F3-COMP4-1 - Explaining Causes Behind SQL Query Formulation Errors3. Research Full Paper
1 University of Jyväskylä, Faculty of Information Technology
This Full Research Paper presents the most prominent query formulation errors in Structured Query Language (SQL), and maps these errors to their cognitive explanations. Understanding query formulation errors is a key to teaching SQL. more effectively. However, studies on what kind of errors novices struggle with are relatively scarce when compared to, for example, programming languages. Although committing errors is a crucial part in learning, some errors are relatively easy to fix, and their commonness is not necessarily an indication of their difficulty. Other errors, however, halt the learning process, and are never fixed by the query writer. Using a previously established error taxonomy and queries from four cohorts with a total of 987 students, we set out to identify common errors which students are unable to correct, i.e., errors that are likely to cause query formulation failures. Our results indicate that on a general level, logical errors are the most common cause for query formulation failures, while syntax and semantic errors are usually fixed by query writers. Although query concepts, for example, expressions, joins and grouping, have a strong influence on what types of errors are committed, some errors are common regardless of query concepts. Specifically, our results indicate that missing expressions, extraneous or omitted grouping columns, incorrect comparison operators, missing joins, and missing ordering columns are the most common errors that novices are unable to fix. Based on the results, we speculate on the reasons behind the most common persistent errors using previously identified cognitive explanations. Finally, we present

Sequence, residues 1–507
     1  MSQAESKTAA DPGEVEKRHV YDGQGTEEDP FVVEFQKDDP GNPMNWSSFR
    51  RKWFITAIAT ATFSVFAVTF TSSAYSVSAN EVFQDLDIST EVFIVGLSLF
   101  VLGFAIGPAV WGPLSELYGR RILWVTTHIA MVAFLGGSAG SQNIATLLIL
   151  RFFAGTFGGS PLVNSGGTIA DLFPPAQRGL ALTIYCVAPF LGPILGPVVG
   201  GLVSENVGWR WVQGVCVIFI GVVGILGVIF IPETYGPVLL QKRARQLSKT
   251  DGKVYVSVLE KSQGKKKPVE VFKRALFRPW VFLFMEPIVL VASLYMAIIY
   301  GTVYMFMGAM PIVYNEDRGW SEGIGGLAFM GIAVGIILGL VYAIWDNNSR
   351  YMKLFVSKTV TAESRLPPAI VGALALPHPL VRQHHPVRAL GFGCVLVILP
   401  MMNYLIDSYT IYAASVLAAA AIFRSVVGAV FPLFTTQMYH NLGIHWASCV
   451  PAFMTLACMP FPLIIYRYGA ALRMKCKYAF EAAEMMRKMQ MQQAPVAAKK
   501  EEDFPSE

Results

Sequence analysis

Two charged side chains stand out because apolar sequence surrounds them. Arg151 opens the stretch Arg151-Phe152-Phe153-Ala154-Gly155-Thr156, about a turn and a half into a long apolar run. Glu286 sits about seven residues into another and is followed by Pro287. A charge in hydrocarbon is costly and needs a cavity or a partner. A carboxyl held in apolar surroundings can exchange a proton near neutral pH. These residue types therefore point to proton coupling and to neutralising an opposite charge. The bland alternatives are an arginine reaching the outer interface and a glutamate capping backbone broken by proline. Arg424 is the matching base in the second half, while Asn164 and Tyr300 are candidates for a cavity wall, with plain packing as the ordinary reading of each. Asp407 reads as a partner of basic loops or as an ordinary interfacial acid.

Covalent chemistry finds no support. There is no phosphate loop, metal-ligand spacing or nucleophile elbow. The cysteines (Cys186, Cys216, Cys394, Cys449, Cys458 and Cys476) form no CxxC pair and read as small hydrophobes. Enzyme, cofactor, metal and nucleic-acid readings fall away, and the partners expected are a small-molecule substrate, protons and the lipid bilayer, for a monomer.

that solutions for mitigating the causes behind query formulation errors are already available. In order to more effectively teach query formulation, educators should emphasize natural language patterns, query planning, and increasingly ambiguous exercises.